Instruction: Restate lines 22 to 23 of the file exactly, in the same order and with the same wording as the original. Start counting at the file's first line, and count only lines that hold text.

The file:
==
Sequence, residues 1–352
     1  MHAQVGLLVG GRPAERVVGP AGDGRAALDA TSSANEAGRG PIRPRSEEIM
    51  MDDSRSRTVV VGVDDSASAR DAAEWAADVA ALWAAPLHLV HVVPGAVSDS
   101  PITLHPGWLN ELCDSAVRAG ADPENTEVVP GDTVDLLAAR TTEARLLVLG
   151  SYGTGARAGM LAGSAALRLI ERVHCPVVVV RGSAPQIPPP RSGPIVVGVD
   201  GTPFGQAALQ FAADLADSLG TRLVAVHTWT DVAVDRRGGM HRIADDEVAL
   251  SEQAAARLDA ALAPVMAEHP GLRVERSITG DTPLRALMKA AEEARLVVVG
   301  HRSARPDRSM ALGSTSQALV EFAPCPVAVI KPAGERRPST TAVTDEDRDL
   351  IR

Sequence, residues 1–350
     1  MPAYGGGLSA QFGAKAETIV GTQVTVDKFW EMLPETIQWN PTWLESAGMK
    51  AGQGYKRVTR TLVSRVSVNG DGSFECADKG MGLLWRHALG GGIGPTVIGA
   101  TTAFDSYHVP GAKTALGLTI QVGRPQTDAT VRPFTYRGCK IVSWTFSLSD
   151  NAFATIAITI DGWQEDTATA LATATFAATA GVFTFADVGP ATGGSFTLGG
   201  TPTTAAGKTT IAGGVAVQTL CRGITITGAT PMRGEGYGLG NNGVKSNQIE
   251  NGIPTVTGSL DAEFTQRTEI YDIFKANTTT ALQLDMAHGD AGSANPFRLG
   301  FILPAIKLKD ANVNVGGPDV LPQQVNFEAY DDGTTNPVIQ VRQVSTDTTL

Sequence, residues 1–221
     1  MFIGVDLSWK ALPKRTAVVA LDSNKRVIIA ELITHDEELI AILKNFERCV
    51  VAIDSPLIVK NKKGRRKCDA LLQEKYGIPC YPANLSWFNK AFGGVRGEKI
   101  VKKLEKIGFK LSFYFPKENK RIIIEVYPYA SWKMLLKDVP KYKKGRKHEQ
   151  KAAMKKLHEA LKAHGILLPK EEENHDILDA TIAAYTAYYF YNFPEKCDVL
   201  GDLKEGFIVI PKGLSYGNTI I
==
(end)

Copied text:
   151  KAAMKKLHEA LKAHGILLPK EEENHDILDA TIAAYTAYYF YNFPEKCDVL
   201  GDLKEGFIVI PKGLSYGNTI I